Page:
Home Directory Plugins Network and Systems Management Dynamic check for Cisco SNMP

Search Exchange

Search All Sites

Nagios Live Webinars

Let our experts show you how Nagios can help your organization.

Contact Us

Phone: 1-888-NAGIOS-1
Email: sales@nagios.com

Login

Remember Me

Directory Tree

Dynamic check for Cisco SNMP

Current Version
1.1
Last Release Date
2012-11-15
Compatible With
  • Nagios 3.x
  • Nagios XI
Owner
License
GPL
Hits
54625
Files:
FileDescription
check_VciscoSNMPService Check V - 1.2
Network Monitoring Software - Download Nagios XI
Log Management Software - Nagios Log Server - Download
Netflow Analysis Software - Nagios Network Analyzer - Download
Dynamic check for Cisco SNMP
Since Cisco lacks continuity when setting up their OID strings I wrote this check.
This check is written only for SNMP v3 but could be modified easily.
We didn't want to add hundreds of checks for every possible OID as it would simply clutter our Nagios XI setup.
This would cause multiple issues going forward with maintaining the server.

For this reason I outsourced some of the check data to flat files; as they are easier to maintain and give us
the benefit of an “out of sight, out of mind” setup.
The check expects a directory called mibcisco, one directory level below the libexec directory.
Within this directory it reads in control files. These files are your IP address or hostname, depending on how you setup your devices in Nagios.

With in the file it expects to find two environment variables called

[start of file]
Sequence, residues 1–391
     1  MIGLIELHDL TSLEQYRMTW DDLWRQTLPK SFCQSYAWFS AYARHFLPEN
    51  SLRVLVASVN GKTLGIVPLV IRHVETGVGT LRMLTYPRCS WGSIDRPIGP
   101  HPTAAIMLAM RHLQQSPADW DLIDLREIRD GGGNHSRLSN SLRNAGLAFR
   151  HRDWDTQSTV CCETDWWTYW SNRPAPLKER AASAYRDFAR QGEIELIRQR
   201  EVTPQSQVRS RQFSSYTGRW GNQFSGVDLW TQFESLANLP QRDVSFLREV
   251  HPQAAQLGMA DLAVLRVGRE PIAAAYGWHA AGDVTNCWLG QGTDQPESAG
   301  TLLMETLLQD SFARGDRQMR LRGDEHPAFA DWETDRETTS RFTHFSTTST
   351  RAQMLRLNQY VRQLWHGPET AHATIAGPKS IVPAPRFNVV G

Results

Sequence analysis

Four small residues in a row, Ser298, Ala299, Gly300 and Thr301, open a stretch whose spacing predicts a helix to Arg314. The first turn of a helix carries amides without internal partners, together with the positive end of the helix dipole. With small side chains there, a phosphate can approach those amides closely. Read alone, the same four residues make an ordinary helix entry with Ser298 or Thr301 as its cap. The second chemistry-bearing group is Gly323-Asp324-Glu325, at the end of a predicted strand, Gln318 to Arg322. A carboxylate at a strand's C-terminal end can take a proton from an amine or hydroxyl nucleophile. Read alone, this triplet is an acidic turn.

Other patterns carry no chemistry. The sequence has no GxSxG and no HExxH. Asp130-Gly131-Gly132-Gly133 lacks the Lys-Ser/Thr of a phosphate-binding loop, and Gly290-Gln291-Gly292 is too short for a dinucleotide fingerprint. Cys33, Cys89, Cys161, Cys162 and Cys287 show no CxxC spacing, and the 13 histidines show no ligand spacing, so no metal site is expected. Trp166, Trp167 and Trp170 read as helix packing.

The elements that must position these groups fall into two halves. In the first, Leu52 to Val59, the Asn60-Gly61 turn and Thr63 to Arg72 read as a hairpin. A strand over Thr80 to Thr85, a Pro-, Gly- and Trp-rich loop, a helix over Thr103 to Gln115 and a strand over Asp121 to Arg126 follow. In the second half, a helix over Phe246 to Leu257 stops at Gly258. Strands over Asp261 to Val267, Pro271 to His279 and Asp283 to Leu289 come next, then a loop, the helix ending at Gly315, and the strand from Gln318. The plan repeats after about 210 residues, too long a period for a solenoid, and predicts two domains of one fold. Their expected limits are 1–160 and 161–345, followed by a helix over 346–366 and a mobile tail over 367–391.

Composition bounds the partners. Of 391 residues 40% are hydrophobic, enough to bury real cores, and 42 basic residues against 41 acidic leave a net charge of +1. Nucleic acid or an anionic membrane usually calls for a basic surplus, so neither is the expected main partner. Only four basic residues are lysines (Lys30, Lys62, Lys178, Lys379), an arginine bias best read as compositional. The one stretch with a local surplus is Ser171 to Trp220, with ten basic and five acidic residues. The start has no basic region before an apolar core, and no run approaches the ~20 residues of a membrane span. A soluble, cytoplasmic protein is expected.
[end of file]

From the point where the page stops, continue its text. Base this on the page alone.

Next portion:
AUTHP = Auth password
PRIVP = Priv password
COMMUNITY = Community/username

These are the first three lines of the file. It's important that the line count is correct as it's a control in the service checks themselves.

Starting on line 5 the configurations start and use pipes as a separator.
DESCRIPTION|OID|EXPECTED-VALUE
See below for a complete example of the file
--------------------------
AUTHP='123abc'
PRIVP='abc123'
COMMUNITY='public'
##############
#|GigabitEthernet3/5: Trunk to switch.example.com:fa0/24|IF-MIB::ifOperStatus.2|up(1)
--------------------------
Once you've put in your control files add the check into Nagios. The script expects to have $ARG1$.
This first argument is the line number of the check you want to perform.
So in the example file above our service would be created and called something generic like
“Cisco SNMP Check 1” and have $ARG1$ = 1

This would pull the 5th line of the file above and check that OID against it's expected value.
The description will always be returned in the results.
If you were checking 4 switches with 7 service checks like below.
“Cisco SNMP Check 1” and have $ARG1$ = 1
“Cisco SNMP Check 2” and have $ARG1$ = 2
“Cisco SNMP Check 3” and have $ARG1$ = 3
“Cisco SNMP Check 4” and have $ARG1$ = 4
“Cisco SNMP Check 5” and have $ARG1$ = 5
“Cisco SNMP Check 6” and have $ARG1$ = 6
“Cisco SNMP Check 7” and have $ARG1$ = 7
Later if you added another switch with 10 checks you would simply extend these checks associating them as
needed with devices.
Keeping it generic like this creates a cleaner configuration within Nagios and in our deployment an easier way to manage systems.

Working on V2 that would allow ranges for expected results. This would be for looking at BGP and so on to ensure propigation of routes.

Change Log -|
1.0
1.1 - Left out argument to capture line number and had to make a change to the flat file system.
- While reading it in some lines were giving an error and Nagios was dropping out.
1.2 - gggrrr.. Couldn't leave this alone. I made the count add 4 so Check 1 would have an $ARG1$ = 1